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How small business owners can market their businesses

According to Forbes magazine, more than 50 percent of the working population works for a small business. The Small Business Association reports there are almost 28 million small businesses in the United States. Many small businesses are home-based and hundreds get started each month.


Career opportunities in health and wellness

Health and wellness has grown increasingly popular over the last several decades as more and more people have adopted lifestyles designed to improve their immediate and long-term health. Not surprisingly, career opportunities in healthcare and health and wellness are on the rise, and the following are a handful of careers men and women interested in health and wellness may want to consider.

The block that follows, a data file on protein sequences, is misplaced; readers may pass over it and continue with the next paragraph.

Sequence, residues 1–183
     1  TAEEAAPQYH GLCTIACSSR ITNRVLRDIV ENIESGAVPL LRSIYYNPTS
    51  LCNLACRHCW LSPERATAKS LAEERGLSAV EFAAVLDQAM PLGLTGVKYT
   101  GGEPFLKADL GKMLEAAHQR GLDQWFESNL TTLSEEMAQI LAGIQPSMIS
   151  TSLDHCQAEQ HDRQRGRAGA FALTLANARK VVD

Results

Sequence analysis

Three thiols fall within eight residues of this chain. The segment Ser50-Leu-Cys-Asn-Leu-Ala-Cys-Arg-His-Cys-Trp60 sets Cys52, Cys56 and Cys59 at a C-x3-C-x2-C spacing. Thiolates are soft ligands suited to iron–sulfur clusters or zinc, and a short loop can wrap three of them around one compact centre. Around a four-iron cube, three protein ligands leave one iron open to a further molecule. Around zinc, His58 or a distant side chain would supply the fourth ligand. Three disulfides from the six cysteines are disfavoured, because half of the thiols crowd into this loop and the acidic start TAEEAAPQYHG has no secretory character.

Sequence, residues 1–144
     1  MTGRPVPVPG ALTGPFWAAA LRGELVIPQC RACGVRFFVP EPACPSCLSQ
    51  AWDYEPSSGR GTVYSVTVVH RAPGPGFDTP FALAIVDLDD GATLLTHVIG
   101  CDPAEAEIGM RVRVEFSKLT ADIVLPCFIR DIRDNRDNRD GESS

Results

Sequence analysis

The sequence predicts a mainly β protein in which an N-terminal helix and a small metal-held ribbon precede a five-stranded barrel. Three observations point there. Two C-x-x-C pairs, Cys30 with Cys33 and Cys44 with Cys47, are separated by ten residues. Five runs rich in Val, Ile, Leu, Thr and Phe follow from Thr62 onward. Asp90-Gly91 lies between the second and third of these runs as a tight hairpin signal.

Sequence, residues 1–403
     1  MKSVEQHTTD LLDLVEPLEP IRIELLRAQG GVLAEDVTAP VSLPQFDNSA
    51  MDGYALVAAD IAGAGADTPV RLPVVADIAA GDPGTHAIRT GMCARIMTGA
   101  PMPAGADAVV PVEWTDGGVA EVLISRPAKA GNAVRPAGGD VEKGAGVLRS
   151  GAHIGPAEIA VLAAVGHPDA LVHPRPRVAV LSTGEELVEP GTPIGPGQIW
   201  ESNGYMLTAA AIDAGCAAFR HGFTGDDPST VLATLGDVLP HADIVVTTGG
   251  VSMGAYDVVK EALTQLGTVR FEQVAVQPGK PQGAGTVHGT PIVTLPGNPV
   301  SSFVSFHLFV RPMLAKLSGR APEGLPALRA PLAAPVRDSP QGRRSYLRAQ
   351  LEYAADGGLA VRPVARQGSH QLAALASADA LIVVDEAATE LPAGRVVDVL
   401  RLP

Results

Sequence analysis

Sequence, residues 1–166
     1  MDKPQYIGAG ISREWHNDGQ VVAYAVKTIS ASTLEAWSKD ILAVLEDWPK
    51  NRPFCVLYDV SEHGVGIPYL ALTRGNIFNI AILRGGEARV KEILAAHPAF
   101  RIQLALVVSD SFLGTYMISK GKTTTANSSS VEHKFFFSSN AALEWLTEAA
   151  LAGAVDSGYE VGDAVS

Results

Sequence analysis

How to avoid unhealthy habits at the office

According to the United States Bureau of Labor Statistics, working professionals spend an average of 8.5 hours per day at work. Many professionals spend much of their time at work sitting down in front of a computer, which can be detrimental to long-term health.
Staying sedentary for long periods of time can contribute to a host of health ailments, including being overweight and obese. But professionals who work in offices can take various steps to ensure all that time at work is not having an adverse affect on their overall health.


How to take back your downtime

Many working professionals have hectic schedules. Perhaps due to technology that now allows men and women to stay connected to the office no matter where they might be, a great number of men and women now exceed the traditional full-time employment standard of 40 hours per week. In fact, data from the 2013 and 2014 Gallup Work and Education polls indicates that adults employed full time in the United States work an average of 47 hours per week, almost an entire extra workday.


Take a cue from successful women

Women had another successful year in 2015. According to the Fortune 500 list, 2015 tied the record set for the highest number of female CEOs in America's largest companies by revenue. Twenty-four women, including Mary Barra of General Motors, Meg Whitman of Hewlett-Packard and Ginny Rometty of IBM, made the list.